Game, the German equivalent of America's ESA, has gotten the government to relax the ban on Nazi iconography. But that doesn't mean that they want the market to be flooded with these messages.
For years, Germany has implemented a strict policy against any depictions of Nazi era iconography. While German law allows for games to be just as violent, crass, or controversial as they are in America, the removal of Nazi symbols and acts has meant that games like Wolfenstein: The New Colossus see their story and artwork dramatically altered. This means no Swastikas, no Hitler salutes, and funny enough, Hitler’s mustache was also removed. Not so anymore.
Game, an organization that acts much like the U.S.’s Entertainment Software Association, announced that the German government will allow the USK (the German equivalent to the ESRB) to assign age ratings to games that include depictions of “symbols of unconstitutional organizations.” The German Strafgesetzbuch section 86a, or “Criminal Code,” previously did not allow the use of Nazi flags, insignias, clothing, slogans, or greetings unless it was in the context of art, science, research, or education. That context previously did not extend to video games, seemingly for the same reasons video games have always been regarded as a more influential art form: their interactivity.
For organizations like Game, it’s a huge moment in artistic freedom.
"It's two things," Felix Falk, managing director of Game said in an interview with GamesIndustry.biz, when asked what lead to German authorities lifting the ban. "One is the legal perception of it. The second is the perception of games in society, and there we have taken huge steps. Right now, in Germany, the discussion around the potential of games is much more open than in other countries, which have been ahead in the last years.”
If the whole “assign an age rating” thing confuses you, think of it like the ESRB’s system and how retailers use it. Wal-Mart will never sell a game that’s rated higher than “M for Mature.” The adults-only “AO” rating is effectively a retail death sentence. Grand Theft Auto: San Andreas was briefly rated AO after the discovery of an unfinished mini-game involving nudity and sexual activity was discovered, resulting in it being pulled off of shelves until the content could be patched out. Nazi iconography in Germany was effectively the same death sentence as pornographic nudity in games.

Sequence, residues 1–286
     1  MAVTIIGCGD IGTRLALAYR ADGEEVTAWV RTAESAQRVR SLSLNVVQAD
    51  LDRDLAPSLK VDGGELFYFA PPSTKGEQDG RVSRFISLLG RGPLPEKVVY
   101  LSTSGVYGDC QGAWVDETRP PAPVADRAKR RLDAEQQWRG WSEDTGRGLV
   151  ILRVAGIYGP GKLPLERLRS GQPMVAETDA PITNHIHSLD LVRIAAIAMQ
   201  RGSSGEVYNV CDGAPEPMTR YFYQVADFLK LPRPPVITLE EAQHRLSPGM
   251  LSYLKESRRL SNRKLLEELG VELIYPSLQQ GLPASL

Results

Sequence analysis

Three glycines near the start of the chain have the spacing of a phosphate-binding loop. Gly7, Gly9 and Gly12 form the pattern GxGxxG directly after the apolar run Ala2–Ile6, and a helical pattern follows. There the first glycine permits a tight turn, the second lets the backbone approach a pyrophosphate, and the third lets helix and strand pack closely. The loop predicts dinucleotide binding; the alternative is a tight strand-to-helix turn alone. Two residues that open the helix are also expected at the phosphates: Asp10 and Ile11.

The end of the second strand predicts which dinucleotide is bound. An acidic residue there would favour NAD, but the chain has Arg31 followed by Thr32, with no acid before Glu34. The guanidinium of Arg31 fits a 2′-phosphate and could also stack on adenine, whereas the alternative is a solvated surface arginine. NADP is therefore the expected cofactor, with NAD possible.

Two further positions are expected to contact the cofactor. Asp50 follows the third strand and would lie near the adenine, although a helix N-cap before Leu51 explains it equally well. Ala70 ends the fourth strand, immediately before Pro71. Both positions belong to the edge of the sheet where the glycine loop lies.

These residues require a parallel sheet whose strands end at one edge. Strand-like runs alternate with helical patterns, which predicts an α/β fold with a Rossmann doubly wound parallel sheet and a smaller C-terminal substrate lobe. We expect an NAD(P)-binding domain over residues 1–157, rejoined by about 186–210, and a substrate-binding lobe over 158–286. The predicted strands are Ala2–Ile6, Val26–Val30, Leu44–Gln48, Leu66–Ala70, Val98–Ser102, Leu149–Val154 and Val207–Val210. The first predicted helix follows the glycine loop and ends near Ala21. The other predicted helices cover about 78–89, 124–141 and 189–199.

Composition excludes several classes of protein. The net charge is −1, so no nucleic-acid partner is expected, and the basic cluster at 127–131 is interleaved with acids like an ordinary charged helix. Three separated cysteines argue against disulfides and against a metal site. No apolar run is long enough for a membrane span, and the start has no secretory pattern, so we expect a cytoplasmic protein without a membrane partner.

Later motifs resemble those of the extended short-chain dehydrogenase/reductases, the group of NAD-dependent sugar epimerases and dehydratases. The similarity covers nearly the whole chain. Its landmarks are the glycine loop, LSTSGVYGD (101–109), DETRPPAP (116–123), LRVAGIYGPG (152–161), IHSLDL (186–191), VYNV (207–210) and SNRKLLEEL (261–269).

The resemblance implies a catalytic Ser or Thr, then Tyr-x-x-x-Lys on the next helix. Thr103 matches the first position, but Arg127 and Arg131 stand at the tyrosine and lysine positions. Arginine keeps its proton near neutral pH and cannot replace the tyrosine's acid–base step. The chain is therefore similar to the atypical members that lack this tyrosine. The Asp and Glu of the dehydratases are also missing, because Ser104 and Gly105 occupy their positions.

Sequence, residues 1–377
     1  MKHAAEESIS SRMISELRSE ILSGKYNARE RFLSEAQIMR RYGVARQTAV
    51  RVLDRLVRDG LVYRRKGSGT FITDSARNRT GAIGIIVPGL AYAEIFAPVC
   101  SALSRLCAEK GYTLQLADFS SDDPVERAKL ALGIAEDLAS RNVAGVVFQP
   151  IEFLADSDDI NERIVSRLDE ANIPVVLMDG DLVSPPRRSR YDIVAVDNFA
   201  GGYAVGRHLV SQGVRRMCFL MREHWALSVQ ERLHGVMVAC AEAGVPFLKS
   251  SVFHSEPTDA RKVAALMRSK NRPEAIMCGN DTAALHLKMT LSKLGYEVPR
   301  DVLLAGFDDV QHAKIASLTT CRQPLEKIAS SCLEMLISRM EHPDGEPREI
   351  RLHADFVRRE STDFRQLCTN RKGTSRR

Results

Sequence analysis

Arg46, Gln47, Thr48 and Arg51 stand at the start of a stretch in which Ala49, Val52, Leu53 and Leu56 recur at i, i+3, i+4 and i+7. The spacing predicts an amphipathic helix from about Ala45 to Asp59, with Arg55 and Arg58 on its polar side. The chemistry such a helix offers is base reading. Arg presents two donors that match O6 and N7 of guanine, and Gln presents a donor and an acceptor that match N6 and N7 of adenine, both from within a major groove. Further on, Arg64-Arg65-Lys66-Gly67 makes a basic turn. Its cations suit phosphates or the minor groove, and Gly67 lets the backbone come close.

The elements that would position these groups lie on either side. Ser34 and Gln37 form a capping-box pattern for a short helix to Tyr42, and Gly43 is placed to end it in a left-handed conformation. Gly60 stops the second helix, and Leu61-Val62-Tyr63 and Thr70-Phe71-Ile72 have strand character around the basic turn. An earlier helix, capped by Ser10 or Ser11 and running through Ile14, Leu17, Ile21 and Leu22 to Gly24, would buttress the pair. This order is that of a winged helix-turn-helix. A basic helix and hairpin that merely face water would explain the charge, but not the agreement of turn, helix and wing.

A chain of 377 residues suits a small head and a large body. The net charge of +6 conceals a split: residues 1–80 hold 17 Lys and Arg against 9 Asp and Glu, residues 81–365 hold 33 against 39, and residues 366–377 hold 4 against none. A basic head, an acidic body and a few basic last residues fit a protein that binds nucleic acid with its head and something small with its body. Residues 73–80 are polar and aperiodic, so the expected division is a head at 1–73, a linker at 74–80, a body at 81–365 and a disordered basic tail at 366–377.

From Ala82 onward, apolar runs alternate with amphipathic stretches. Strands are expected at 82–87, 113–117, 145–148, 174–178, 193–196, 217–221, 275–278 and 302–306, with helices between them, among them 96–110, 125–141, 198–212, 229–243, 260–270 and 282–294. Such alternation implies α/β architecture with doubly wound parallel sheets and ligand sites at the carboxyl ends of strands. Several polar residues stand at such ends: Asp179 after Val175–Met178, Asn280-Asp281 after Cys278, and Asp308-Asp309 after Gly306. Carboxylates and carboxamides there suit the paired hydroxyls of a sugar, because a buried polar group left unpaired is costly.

This doesn’t mean that all games with Nazi symbols will be allowed through, however — just that they’ll be rated as fairly as anything else. The USK will determine if each individual game meets the “social adequacy” clause found in the Strafgesetzbuch, indicating that each game will have to make a case that it promotes the aforementioned art, research, or education.
The previous Wolfenstein game, The New Order, also experienced the same censorship in Germany. The Nazis were referred to as “The Regime.”
"It's our responsibility in Germany to have a very serious and careful look on this part of our history,” Falk said to GamesIndustry.biz. “The law still says, and will for many years say, that flooding the market with Nazi symbols is not something we want - it's forbidden... There will always be a discussion, and a discussion in society, about where the limitations are."
Bethesda has yet to comment on whether or not the change in German law will affect the current Wolfenstein games. A new Wolfenstein DLC adventure, tilted Wolfenstein: Youngblood, will release in 2019, and features protagonist BJ Blazkowicz’s twin daughters fighting to liberate a Nazi-occupied France in the 1980s.
GameDaily has reached out to Bethesda for comment, and will update the story as necessary./* =$comments; */?>